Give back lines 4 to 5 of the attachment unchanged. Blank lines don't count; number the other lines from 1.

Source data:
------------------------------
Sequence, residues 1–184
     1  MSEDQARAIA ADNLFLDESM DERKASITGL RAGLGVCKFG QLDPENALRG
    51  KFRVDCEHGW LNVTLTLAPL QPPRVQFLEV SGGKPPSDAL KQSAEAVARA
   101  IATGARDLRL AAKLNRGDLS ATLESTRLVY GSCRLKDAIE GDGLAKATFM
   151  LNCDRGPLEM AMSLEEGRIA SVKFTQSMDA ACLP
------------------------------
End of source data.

   101  IATGARDLRL AAKLNRGDLS ATLESTRLVY GSCRLKDAIE GDGLAKATFM
   151  LNCDRGPLEM AMSLEEGRIA SVKFTQSMDA ACLP